Perspective of women and men

Ethical culture’s impact on organisational misconduct

What is the difference in the level of observation of misconduct of organisations with a fragile versus mature ethical culture?

The results indicate that organisations with fragile ethical cultures are likely to observe a higher incidence of misconduct compared to those with mature ethical cultures. However, the difference is not as substantial as one may assume. It is crucial for employees, regardless of whether they belong to an organisation with a fragile or mature ethical culture, to be able to identify whether misconduct is being observed in their organisation. 

The Ethics Institute has been researching the relationship between different levels of maturity in organisational ethical cultures and the observed misconduct in organisations. Our research revealed a discernible difference in the observation of misconduct between organisations with fragile and mature ethical cultures. More specifically, organisations with fragile ethical cultures exhibit an average of 17% more observations of misconduct compared to organisations with a mature ethical culture. Although the difference may appear to be low, two key interesting insights can be gleaned from this difference.

  1. Perception of misconduct: Misconduct can become normalised in organisations with a fragile ethical culture, as employees might perceive such behaviour as customary in the course of business. However, there is evidence that suggests employees can differentiate between perceived actions that are unethical. On the other hand, organisations with a mature ethical culture are likely to have ethics awareness and ethics training sessions that guide employees to identify misconduct. The initial step is to be able to recognise misconduct within the organisation. It is questionable whether organisations that possess fragile ethical cultures, even if they report higher instances of unethical conduct, are genuinely able to identify all instances of unethical behaviour. In essence, there is a possibility that unethical behaviour observed in fragile ethical cultures could surpass the 17% difference reported, purely out of ignorance of what encompasses unethical conduct.
  2. Ethics accountability: Employees in organisations with a mature ethical culture are likely to be held more accountable for unethical behaviour coupled with a stronger inclination to assume personal accountability for this behaviour. Additionally, employees operating in mature ethical cultures are more inclined to hold their colleagues accountable for instances of unethical conduct. It is more likely that misconduct will be reported and dealt with immediately in organisations with more mature ethical cultures when compared to those with fragile ethical cultures. On the other hand, organisations with a fragile ethical culture may have a lack of transparency, and misconduct may be swept under the carpet, leading to employees being discouraged from taking accountability and/or reporting unethical conduct. Moreover, one cannot forget that fear of retaliation may be a serious concern for employees.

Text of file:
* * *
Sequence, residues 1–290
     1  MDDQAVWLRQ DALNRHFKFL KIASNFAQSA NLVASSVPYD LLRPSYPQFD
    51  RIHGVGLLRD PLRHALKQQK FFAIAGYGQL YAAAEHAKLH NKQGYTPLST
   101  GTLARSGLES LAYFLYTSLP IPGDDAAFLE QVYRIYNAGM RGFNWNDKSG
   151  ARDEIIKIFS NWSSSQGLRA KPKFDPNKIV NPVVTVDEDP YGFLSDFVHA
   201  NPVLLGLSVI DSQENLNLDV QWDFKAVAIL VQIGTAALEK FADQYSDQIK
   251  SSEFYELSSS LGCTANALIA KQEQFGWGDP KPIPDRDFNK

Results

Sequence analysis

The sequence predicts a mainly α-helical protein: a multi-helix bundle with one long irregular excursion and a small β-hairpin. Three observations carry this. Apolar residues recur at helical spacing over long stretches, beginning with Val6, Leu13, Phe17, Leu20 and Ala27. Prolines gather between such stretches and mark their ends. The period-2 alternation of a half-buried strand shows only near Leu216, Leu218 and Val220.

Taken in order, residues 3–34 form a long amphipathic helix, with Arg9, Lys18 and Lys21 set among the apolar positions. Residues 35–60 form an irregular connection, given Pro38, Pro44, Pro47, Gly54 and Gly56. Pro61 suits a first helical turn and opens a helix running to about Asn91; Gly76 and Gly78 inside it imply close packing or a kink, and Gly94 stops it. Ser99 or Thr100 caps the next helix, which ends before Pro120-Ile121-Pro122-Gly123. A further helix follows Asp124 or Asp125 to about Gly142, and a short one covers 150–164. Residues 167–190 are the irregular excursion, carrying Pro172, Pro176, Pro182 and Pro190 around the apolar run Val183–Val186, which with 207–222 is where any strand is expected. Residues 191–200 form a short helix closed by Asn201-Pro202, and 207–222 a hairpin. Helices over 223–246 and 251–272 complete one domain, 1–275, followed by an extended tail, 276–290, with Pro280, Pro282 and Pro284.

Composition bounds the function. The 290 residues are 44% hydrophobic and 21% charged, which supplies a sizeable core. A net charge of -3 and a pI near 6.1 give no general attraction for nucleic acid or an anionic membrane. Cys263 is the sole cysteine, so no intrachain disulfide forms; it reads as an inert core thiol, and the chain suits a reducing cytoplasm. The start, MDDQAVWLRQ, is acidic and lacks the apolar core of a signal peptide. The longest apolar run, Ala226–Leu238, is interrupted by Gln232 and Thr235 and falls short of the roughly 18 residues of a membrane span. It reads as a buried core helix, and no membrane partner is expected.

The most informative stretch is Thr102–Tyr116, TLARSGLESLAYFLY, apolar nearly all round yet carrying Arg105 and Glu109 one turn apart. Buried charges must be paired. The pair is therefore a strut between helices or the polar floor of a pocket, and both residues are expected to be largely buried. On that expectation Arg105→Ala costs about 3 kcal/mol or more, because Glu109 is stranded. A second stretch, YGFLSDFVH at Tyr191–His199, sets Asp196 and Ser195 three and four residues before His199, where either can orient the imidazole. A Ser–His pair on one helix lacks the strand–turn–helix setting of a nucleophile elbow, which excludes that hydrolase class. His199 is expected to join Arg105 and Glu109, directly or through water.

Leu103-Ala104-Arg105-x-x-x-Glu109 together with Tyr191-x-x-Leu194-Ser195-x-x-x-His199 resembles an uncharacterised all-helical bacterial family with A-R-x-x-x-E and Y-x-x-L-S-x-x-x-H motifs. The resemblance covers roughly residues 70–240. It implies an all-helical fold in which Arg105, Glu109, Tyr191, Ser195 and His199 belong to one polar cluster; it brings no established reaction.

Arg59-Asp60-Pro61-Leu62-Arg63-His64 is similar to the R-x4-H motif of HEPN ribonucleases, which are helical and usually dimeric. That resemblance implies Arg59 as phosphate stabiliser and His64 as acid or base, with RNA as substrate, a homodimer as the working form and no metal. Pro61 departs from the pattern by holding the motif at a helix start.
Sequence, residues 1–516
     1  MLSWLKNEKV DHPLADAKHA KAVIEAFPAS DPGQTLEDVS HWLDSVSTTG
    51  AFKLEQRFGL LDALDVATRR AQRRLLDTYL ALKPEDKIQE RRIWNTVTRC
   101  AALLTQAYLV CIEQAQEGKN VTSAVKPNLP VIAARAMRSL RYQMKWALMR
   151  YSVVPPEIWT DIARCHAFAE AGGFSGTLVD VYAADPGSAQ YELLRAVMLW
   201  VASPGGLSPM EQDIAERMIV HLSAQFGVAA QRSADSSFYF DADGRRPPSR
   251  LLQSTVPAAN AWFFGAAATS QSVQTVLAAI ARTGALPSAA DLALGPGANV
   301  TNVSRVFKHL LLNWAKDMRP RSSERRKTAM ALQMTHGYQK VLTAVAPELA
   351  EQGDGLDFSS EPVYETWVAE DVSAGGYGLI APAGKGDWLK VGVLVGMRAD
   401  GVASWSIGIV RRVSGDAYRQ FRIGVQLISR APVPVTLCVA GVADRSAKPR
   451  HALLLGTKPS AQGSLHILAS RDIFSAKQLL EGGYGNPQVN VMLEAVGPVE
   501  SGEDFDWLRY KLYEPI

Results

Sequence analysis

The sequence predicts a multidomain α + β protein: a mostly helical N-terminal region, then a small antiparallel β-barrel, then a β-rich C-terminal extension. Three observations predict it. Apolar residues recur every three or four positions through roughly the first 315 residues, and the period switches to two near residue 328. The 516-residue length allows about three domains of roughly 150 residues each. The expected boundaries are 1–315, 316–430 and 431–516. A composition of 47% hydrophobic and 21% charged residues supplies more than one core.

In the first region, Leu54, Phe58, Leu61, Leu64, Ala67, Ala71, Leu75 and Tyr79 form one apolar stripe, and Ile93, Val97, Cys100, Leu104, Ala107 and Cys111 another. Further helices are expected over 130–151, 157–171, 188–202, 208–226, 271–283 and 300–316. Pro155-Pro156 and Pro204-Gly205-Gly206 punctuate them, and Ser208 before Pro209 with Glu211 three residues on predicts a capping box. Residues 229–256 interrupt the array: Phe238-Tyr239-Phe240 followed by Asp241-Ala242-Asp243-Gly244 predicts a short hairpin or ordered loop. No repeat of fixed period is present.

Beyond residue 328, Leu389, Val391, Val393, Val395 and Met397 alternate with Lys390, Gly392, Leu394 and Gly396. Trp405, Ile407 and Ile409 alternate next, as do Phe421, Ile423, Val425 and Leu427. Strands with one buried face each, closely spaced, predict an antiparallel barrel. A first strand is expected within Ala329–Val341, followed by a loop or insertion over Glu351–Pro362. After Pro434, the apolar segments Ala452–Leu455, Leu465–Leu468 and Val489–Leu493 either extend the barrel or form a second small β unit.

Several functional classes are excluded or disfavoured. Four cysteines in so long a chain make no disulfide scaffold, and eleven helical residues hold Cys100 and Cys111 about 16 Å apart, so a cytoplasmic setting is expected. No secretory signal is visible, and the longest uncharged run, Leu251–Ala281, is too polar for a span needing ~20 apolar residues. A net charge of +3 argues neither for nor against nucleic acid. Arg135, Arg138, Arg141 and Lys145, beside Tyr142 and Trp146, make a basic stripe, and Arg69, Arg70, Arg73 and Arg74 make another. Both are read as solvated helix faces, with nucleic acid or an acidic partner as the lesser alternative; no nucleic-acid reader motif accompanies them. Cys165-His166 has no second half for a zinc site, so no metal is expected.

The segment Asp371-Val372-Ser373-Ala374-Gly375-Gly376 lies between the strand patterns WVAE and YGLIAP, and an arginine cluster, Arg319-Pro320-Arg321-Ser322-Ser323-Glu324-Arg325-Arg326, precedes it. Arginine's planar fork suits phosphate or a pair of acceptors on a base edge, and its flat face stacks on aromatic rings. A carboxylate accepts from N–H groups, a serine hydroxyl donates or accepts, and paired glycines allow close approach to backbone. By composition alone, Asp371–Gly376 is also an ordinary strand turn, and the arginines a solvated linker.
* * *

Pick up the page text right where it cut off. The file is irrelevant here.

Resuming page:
In conclusion, the research conducted by The Ethics Institute sheds light on the critical interplay between organisational ethical cultures and the prevalence of misconduct. The disparity in misconduct observation between fragile and mature ethical culture organisations underscores the importance of fostering mature ethical environments. While the percentage difference might not be substantial, the nuanced insights into perception, accountability, and reporting mechanisms highlight the need for continued vigilance. As we navigate the complex landscape of ethics within organisations, these findings encourage a proactive approach towards recognising and addressing misconduct, ultimately promoting a more ethically conscious and responsible society.